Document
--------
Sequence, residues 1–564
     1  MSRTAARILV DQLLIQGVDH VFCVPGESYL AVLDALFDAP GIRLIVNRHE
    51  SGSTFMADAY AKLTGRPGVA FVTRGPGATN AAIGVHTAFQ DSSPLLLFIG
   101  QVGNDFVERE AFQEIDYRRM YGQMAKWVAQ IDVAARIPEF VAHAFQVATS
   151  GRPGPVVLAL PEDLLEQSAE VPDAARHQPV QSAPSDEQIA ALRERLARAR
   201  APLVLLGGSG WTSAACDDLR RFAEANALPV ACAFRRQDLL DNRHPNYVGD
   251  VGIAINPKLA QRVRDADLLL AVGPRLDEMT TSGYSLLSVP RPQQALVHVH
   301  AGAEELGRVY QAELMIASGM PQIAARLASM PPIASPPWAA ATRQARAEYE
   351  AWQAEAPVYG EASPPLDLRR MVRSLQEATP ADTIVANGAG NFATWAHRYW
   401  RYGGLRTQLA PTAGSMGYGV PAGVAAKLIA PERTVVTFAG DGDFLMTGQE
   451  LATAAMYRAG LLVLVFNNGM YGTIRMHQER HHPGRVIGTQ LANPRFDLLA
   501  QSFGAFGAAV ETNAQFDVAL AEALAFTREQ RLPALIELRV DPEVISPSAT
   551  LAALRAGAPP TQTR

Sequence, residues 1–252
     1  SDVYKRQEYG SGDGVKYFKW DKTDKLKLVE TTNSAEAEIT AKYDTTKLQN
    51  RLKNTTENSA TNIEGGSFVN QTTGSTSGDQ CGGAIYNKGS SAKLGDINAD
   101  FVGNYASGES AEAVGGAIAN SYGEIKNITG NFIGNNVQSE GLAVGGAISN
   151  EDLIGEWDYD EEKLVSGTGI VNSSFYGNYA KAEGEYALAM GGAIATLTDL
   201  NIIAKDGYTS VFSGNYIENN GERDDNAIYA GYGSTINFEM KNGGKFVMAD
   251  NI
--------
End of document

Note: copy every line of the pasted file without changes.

Sequence, residues 1–564
     1  MSRTAARILV DQLLIQGVDH VFCVPGESYL AVLDALFDAP GIRLIVNRHE
    51  SGSTFMADAY AKLTGRPGVA FVTRGPGATN AAIGVHTAFQ DSSPLLLFIG
   101  QVGNDFVERE AFQEIDYRRM YGQMAKWVAQ IDVAARIPEF VAHAFQVATS
   151  GRPGPVVLAL PEDLLEQSAE VPDAARHQPV QSAPSDEQIA ALRERLARAR
   201  APLVLLGGSG WTSAACDDLR RFAEANALPV ACAFRRQDLL DNRHPNYVGD
   251  VGIAINPKLA QRVRDADLLL AVGPRLDEMT TSGYSLLSVP RPQQALVHVH
   301  AGAEELGRVY QAELMIASGM PQIAARLASM PPIASPPWAA ATRQARAEYE
   351  AWQAEAPVYG EASPPLDLRR MVRSLQEATP ADTIVANGAG NFATWAHRYW
   401  RYGGLRTQLA PTAGSMGYGV PAGVAAKLIA PERTVVTFAG DGDFLMTGQE
   451  LATAAMYRAG LLVLVFNNGM YGTIRMHQER HHPGRVIGTQ LANPRFDLLA
   501  QSFGAFGAAV ETNAQFDVAL AEALAFTREQ RLPALIELRV DPEVISPSAT
   551  LAALRAGAPP TQTR

Sequence, residues 1–252
     1  SDVYKRQEYG SGDGVKYFKW DKTDKLKLVE TTNSAEAEIT AKYDTTKLQN
    51  RLKNTTENSA TNIEGGSFVN QTTGSTSGDQ CGGAIYNKGS SAKLGDINAD
   101  FVGNYASGES AEAVGGAIAN SYGEIKNITG NFIGNNVQSE GLAVGGAISN
   151  EDLIGEWDYD EEKLVSGTGI VNSSFYGNYA KAEGEYALAM GGAIATLTDL
   201  NIIAKDGYTS VFSGNYIENN GERDDNAIYA GYGSTINFEM KNGGKFVMAD
   251  NI